How I'm Coping with Trying to Get Pregnant Again after Miscarriage


One of the hardest parts of coping with losing a baby to miscarriage has been the unknown. Though I miss the baby we lost dearly and still have a hard time accepting that we won’t have a baby to hold come April, I’m very eager to try to conceive again. It’s one of the only parts of pregnancy that I have some small element of control over, I suppose. Of course, there are no guarantees that we’ll get pregnant right away, but I can track ovulation, I can time intercourse accordingly, and I can nourish my body with healthy food and exercise in the meantime. And, the fact that we’ve been so fortunate to conceive quickly with our last two pregnancies gives me hope. Trying for another baby, I think, will give me something positive to focus on during this otherwise trying time.

And yet the thought of being pregnant again after experiencing a second trimester loss terrifies me. I don’t know if it will happen again - and I think it would bring me to my knees if it did. It’s pretty common to overanalyze every twinge and cramp, any spot of blood, and each and every symptom - or lack thereof - in any pregnancy. But now, after experiencing a loss, I can only imagine those fears will be heightened. I know firsthand that things could easily go wrong. Will my body fail me and my baby again?

These thoughts are constantly at the back of my mind. Sometimes, they creep to the forefront and negative thinking threatens to consume me. And, sometimes, for a short time, I let them take over. I get panicked with worry.

But, I’ve been trying something new recently in order to reframe my mindset. I took it out of Laura Scott’s playbook. Laura is a busy mom of three sweet girls and a dermatologist. Like most parents, she has to juggle motherhood with life’s other demands, and it can often feel overwhelming. But, instead of dwelling on all the things we have to do, Laura urges that we change our mindset to be thankful that we get to do these things. So, for example, instead of dreading Monday morning because we have to go to work, we can remind ourselves that we get to go to work, which comes with its own set of benefits. We’re showing our children that we’re strong, capable, and that with hard work they too can pursue the careers of their choosing when they’re older. Maybe we’re helping patients or clients when we’re at work, or maybe we’re simply working because we have to put food on the table. That is admirable in itself. There’s always a positive to be found.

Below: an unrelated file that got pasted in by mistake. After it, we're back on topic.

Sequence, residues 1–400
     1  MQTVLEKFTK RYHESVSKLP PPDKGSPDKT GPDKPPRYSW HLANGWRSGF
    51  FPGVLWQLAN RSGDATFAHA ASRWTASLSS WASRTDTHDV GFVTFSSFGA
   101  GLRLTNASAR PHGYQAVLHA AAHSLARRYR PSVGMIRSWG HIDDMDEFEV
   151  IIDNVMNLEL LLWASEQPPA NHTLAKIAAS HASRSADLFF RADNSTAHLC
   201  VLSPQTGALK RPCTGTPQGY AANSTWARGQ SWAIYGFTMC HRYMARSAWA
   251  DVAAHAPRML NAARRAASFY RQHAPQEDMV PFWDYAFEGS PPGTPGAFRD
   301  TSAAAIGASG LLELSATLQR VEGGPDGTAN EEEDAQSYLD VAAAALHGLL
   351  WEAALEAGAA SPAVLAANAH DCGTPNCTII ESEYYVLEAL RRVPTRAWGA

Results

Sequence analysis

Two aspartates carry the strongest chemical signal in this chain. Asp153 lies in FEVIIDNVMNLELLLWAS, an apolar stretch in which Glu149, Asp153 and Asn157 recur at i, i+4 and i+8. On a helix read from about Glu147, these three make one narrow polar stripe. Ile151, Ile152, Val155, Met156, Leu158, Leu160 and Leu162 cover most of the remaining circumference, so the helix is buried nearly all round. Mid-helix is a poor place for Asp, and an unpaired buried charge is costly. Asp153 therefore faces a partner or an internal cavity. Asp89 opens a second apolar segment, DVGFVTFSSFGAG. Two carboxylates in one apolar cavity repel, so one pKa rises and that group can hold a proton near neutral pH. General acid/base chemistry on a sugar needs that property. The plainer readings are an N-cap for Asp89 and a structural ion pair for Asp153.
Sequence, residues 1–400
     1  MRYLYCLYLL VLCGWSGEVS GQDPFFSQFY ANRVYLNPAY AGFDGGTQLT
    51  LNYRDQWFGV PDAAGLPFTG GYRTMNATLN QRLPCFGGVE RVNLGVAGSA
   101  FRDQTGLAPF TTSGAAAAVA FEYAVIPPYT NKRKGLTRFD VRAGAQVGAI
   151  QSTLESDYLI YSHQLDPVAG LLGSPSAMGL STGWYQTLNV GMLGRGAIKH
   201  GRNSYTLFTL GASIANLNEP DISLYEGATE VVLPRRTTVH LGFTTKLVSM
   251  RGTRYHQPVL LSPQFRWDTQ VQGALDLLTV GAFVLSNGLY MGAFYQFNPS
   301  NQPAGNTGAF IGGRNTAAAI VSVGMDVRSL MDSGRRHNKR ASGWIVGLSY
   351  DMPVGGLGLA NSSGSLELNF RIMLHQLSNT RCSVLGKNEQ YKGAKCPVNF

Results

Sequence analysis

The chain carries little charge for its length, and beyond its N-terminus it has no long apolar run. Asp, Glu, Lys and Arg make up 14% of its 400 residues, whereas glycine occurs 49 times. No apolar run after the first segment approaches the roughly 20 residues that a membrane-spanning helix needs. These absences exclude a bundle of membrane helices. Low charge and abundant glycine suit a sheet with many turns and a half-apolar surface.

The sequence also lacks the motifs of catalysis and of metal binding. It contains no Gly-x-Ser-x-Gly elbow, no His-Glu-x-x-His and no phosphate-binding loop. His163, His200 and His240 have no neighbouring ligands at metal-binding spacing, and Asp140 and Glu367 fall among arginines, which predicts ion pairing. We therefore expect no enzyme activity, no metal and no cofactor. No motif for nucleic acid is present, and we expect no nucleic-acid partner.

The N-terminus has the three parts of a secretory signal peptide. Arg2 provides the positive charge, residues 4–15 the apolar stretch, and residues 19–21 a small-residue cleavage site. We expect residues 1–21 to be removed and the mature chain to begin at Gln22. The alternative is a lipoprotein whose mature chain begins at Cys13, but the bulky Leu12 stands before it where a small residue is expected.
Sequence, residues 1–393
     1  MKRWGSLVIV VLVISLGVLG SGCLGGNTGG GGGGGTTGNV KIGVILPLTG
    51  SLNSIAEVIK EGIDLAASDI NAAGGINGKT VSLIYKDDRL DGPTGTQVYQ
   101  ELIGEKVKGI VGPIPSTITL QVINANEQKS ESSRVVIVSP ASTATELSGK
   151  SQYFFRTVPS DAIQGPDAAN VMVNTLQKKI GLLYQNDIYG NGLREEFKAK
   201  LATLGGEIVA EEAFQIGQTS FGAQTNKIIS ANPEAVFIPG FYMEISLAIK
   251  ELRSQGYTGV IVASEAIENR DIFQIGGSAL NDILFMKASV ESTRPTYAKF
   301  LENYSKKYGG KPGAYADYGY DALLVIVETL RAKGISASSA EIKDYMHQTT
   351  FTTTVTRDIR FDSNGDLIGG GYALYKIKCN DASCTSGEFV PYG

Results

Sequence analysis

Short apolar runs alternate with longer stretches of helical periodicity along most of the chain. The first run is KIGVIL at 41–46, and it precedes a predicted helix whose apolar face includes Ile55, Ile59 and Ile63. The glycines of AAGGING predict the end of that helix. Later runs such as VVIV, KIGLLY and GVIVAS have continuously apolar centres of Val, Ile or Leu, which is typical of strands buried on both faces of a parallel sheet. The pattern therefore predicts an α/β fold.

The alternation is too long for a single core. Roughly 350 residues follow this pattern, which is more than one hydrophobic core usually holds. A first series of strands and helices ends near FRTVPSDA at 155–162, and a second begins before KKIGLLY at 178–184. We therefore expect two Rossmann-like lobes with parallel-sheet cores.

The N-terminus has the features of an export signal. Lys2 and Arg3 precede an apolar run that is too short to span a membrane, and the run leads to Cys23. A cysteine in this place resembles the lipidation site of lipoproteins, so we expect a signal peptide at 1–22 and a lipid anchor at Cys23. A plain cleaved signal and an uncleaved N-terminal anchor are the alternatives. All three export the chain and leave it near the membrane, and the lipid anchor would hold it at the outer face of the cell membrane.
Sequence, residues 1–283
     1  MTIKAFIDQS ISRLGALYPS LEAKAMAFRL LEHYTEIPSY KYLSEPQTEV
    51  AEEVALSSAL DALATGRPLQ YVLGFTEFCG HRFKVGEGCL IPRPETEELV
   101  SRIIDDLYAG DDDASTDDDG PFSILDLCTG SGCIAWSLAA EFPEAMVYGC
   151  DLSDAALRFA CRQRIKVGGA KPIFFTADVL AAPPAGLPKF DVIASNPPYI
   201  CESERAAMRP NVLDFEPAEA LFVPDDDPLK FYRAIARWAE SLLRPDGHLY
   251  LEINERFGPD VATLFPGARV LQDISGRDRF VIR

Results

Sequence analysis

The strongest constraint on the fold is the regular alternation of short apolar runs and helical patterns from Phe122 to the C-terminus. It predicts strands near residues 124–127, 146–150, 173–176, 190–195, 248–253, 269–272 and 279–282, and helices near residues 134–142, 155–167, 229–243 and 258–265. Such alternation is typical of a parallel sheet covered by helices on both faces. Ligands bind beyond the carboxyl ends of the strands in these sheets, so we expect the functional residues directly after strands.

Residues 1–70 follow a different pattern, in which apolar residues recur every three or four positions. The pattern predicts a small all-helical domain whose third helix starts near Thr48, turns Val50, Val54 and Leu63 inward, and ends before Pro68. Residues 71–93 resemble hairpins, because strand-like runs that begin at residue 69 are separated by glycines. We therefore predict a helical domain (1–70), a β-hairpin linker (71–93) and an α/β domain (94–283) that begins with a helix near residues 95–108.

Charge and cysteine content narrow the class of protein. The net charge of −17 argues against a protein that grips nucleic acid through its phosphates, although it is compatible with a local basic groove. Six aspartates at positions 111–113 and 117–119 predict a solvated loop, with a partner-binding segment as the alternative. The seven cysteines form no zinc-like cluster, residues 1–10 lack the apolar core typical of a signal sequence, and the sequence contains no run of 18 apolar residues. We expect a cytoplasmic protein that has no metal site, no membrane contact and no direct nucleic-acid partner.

I’m doing my best to put positive reframing into practice. Yes, the worry is still there, but I’m being intentional about not letting it consume me. Sure, pregnancy after a second trimester loss is pretty heavy stuff. It’s more than your day to day stressors, to be sure. But, the concept of positive reframing from “I have to” to “I get to” can still be useful. In fact, I’d argue that I need these tools even more now than I did before the miscarriage because my emotional plate is a lot fuller these days.

So, when negative thoughts crop up, like “Now we have to start from scratch and begin the conception process all over again” or “I’m going to have to endure the challenges of the first trimester again,” or “What if we lose another baby and we have to go through this heartache all over again?” I take a deep breath. I recognize that I’m scared. I may not be able to control the outcome but I can focus on the positives. Instead, I think: “We GET to conceive another baby out of love,” “I GET the opportunity to experience the excitement of being newly pregnant again,” and “I GET the chance to nourish another life.”

It’s little tweaks like this that can go a long way.

Brittany Van Den Brink is a PhD Candidate and freelance writer living in small-town Ontario with her husband, baby son, and their Golden Retriever, Chevy. She founded Motherhood Her Way to collaborate with other moms as they go through the ups and downs of motherhood. Say hi on Instagram @brittanyvandenbrink.